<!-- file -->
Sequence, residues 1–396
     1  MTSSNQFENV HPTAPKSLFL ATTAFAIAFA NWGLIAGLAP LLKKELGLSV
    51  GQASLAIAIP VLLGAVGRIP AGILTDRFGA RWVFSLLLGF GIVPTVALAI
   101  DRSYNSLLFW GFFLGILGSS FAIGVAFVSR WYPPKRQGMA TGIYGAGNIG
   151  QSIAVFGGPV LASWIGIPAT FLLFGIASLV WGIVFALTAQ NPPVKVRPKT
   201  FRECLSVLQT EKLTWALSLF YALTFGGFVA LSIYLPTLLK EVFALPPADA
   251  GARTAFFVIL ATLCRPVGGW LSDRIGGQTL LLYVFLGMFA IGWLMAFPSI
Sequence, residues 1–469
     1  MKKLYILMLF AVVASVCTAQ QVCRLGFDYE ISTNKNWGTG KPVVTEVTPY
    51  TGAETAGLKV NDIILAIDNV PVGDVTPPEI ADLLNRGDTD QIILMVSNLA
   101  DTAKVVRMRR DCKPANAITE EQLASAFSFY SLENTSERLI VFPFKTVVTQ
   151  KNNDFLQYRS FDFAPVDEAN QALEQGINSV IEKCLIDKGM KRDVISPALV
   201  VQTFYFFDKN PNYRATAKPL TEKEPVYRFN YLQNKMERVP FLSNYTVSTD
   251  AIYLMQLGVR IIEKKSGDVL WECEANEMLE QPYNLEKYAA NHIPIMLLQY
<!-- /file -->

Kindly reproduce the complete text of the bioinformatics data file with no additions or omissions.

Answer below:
Sequence, residues 1–396
     1  MTSSNQFENV HPTAPKSLFL ATTAFAIAFA NWGLIAGLAP LLKKELGLSV
    51  GQASLAIAIP VLLGAVGRIP AGILTDRFGA RWVFSLLLGF GIVPTVALAI
   101  DRSYNSLLFW GFFLGILGSS FAIGVAFVSR WYPPKRQGMA TGIYGAGNIG
   151  QSIAVFGGPV LASWIGIPAT FLLFGIASLV WGIVFALTAQ NPPVKVRPKT
   201  FRECLSVLQT EKLTWALSLF YALTFGGFVA LSIYLPTLLK EVFALPPADA
   251  GARTAFFVIL ATLCRPVGGW LSDRIGGQTL LLYVFLGMFA IGWLMAFPSI
Sequence, residues 1–469
     1  MKKLYILMLF AVVASVCTAQ QVCRLGFDYE ISTNKNWGTG KPVVTEVTPY
    51  TGAETAGLKV NDIILAIDNV PVGDVTPPEI ADLLNRGDTD QIILMVSNLA
   101  DTAKVVRMRR DCKPANAITE EQLASAFSFY SLENTSERLI VFPFKTVVTQ
   151  KNNDFLQYRS FDFAPVDEAN QALEQGINSV IEKCLIDKGM KRDVISPALV
   201  VQTFYFFDKN PNYRATAKPL TEKEPVYRFN YLQNKMERVP FLSNYTVSTD
   251  AIYLMQLGVR IIEKKSGDVL WECEANEMLE QPYNLEKYAA NHIPIMLLQY